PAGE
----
Omawumi has always been precious, the kind of vocalist who will always be a standard for judging everyone else. But no thanks to
Mortein and Glo ads the apparent need for Nigerian artistes to make meaningless dance music (or die of hunger), most people may have forgotten how much she’s worth. She herself may have forgotten.
Here’s a reminder: Her cover of Adele’s killer ballad, Hello, now a less-melancholic reggae jam produced by e-Kelly. Listen to yourself, Omawumi. You’re (still) profound.
Her name is Mya Kinlock, she’s about 13 and she’s got British and Nigerian blood running in her veins. Emma Nyra can take a cue.
PS. Never again, Reminisce.
Another song off a soundtrack aiming to be as big as the movie it’s from.
No disrespect to Di’Ja, but producer/singer-songwriter John Ighodaro’s guitar-driven take on Awww is an elevation of the original. With sheer vocal skill and a more fitting instrumental arrangement than Don Jazzy supplied, he transforms the song from just another Afro-pop experiment to an outstanding, toe-curling ballad.
Rayce seems to have found the formula for creating Nigerian pop hits, P Loop’s production isn’t half bad and the borrowed Micheal Jackson chant is the icing on the cake.
I don’t know how this unusual hook-up came about, but the product is far too chilled to be ignored.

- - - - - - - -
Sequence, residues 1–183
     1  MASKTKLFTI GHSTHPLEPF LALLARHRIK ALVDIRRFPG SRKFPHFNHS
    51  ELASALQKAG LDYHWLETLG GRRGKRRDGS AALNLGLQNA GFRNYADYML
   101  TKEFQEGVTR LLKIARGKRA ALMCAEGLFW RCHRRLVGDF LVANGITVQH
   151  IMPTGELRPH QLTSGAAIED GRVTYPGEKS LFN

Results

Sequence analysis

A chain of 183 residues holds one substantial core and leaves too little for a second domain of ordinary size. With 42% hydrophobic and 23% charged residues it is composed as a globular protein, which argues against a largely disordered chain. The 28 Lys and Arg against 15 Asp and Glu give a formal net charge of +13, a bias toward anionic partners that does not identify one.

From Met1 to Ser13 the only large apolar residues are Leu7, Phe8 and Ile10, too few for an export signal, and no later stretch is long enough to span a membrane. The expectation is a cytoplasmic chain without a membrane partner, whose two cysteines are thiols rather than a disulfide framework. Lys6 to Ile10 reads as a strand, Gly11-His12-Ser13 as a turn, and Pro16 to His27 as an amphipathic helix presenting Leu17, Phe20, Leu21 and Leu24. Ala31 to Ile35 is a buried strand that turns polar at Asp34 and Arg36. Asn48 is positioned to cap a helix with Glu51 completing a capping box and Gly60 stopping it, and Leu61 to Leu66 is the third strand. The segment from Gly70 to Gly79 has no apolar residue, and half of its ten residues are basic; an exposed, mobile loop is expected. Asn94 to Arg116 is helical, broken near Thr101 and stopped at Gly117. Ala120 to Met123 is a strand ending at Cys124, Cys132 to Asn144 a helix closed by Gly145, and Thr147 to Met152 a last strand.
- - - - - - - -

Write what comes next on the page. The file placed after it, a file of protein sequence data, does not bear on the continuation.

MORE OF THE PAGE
21-year old Philadelphia singer Brayton Bowman melds elements of R&B, soul and EDM for a brand of pop that’s all his own. His debut EP, Here | Now, is a four-track winner that leaves me wanting a full-length album badly.
Download Ride Or Die
An unreleased Fela Kuti track performed live in 1981 at some show in Amsterdam, Original Sufferhead is a 35-minute fusion of percussion, horns and Fela’s trademark anti-oppression lyrics.
Download Original Sufferhead and Government Chicken Boy, along with O.D.O.O. and Big Blind Country (performed live at the Lagos Sunsplash Festival in 1988), here.
H/T: Funk It
Like most rappers, UNG Music’s 19-year-old phenom Kida Kudz fuels the buzz around his name with hype, larger-than-life boasts, dope beats and catchy hooks. His newest single, Ibeere, packs all four in excess. All I hear is potential.
AGO rapper Joose’s EP, Cruise Control, couldn’t have been better titled considering that it contains seven supremely chilled tracks worth several playbacks. Featuring lush instrumentals contributed by Mozaic, AGO producer Sango Favela and Brock Berrigan, Joose has the right kind of space for his laidback but razor-sharp flow to thrive *insert requisite Kendrick Lamar comparison*
Like I said, several playbacks. Pity it’s so short.
You like? It’s available for download here (from $1).